Whatchoo Lookin At?

Hummingbird on a feeder looking at the camera

Whatchoo Lookin At?

Setup the camera on a tripod in the breakfast room and focused on the spot where the hummer was landing with some frequency. Used the IR remote and bounced it off the window pane so I wouldn’t startle the hummer when taking the shot.

The shutter noise didn’t scare him off, but did make the little guy look at the camera and cock his head in a rather quizzical manner.

Hummingbird on a feeder looking at the camera

Whatchoo Lookin At?

First Hummer Of The Season

Ruby Throated Humming Bird

Ruby Throated Humming Bird

We put the feeders out right after the “hurricane” and today we had our first sighting. That’s a Ruby Throated for sure. We saw one other that was very reddish in color. Did not get a picture. I should be able to get some good shots this season since I’ve placed the feeders right outside the kitchen window.

Birdage Report

Blue Jays have been no strangers to our neighborhood but have not really been seen much in our yard despite the ample food in the form of seed and suet. This has changed recently. There’s been a huge Jay coming in from the Magnolia tree in the back of the yard to the feeding area and quickly zooming away. We suspect that one has built a nest either in our back yard or one of the adjacent yards.

He’s quite the site to see.

Photo by Cynthia

On a related note, the House Finches are back and Ricky and Lucy seem to be gearing up to bring us another baby Cardinal.

Today was also our first Hummingbird sighting since putting out the feeders a few weeks ago.

And lastly, a small, fast moving Sapsucker has been sighted in bush outside the front window. I think it’s a male Yellow Bellied. At first I thought it was a Woodpecker due to the very distinct red, black and white markings. He looks like this guy.

Probably the male counterpart to last year’s visitor

For The Birds

Cynthia baked a lemon cake from a recipe she found. After it was done she sampled it an pronounced it “inedible.”

In keeping with our “Waste Not, Want Not” policy she decided to offer it up to the birds in the yard…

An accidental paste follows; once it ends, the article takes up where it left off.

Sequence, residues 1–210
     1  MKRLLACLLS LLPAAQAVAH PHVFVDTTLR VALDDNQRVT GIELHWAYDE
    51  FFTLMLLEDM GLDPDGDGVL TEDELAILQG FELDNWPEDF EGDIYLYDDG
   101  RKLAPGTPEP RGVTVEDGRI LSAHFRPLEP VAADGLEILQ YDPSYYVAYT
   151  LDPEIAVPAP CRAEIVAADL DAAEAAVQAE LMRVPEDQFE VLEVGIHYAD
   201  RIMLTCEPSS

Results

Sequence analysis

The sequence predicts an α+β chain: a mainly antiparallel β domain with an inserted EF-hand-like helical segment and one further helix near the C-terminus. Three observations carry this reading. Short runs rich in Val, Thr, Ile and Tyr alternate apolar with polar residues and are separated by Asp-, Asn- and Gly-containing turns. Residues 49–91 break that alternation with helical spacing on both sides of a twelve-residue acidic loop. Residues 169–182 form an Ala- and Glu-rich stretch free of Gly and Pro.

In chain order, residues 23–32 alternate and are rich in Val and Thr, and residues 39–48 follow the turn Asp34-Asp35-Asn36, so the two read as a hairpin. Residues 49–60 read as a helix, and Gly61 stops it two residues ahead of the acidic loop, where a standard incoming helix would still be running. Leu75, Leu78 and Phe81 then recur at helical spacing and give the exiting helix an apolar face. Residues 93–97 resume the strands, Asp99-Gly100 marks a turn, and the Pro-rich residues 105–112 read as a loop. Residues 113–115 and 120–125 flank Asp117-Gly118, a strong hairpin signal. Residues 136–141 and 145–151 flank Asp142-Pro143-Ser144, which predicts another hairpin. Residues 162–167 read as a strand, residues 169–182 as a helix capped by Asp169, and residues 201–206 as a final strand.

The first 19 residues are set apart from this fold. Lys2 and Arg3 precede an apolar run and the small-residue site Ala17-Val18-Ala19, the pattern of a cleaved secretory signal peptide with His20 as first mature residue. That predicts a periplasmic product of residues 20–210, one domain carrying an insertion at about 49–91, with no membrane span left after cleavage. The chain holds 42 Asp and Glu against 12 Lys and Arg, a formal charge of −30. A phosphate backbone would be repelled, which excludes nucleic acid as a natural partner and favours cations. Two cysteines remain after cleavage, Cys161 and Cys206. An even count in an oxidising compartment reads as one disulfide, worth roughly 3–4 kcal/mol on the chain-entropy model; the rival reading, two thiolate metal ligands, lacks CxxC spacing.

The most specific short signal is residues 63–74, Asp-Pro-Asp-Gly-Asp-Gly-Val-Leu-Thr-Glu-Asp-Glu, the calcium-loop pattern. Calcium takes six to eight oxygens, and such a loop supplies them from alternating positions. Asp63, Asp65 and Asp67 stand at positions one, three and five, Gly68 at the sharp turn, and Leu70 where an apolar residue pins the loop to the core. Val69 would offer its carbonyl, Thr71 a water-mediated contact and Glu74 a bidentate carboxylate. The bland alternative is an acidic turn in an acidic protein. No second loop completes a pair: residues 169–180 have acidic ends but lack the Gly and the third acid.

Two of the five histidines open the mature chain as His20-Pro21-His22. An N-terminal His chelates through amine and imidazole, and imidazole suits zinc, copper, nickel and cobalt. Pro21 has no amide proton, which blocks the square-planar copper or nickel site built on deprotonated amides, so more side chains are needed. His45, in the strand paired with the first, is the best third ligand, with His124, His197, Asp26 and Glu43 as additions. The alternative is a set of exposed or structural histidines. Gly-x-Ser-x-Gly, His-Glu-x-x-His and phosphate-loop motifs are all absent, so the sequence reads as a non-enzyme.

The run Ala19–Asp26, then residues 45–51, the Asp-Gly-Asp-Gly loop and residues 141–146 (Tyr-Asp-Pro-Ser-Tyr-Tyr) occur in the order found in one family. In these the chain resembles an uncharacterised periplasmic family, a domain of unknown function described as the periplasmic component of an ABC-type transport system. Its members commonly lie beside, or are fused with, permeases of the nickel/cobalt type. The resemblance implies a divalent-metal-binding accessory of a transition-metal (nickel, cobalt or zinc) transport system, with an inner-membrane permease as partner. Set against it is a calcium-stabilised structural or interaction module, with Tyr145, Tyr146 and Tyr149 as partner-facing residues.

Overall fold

The birds seemed to agree with Cynthia’s initial assessment and left the cake uneaten and in tact, even after sprinkling it with bird seed to entice them.


Cynthia and I were heading down Richmond in an effort to get around some congestion on 59 headed back to the house. As we were driving past the Ragin Cajun we noticed the most enormous flock of pigeons in the parking out front of Jarinee’s Dressmaking & Alterations, which is in the same strip center.

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We had to circle back and investigate.

There were hundreds and hundreds of them all in the parking lot. They were also lining the roof of the building.

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Then this man came out of the building and they all took off…

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The birds flew around in a few circles, but landed again pretty quickly and the man just walked amongst them…

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He came over to me and we started talking. His name is Vichien and he’s been working at Jarinee’s Dressmaking & Alterations for over 22 years. He’s been feeding the pigeons for 10 years.

He expressed some sadness as he told me the property had recently been sold to developers and he worried about the fate of his “friends.” Vichien told me how he tried to watch over the pigeons and how much money he’s spent on feed over the years.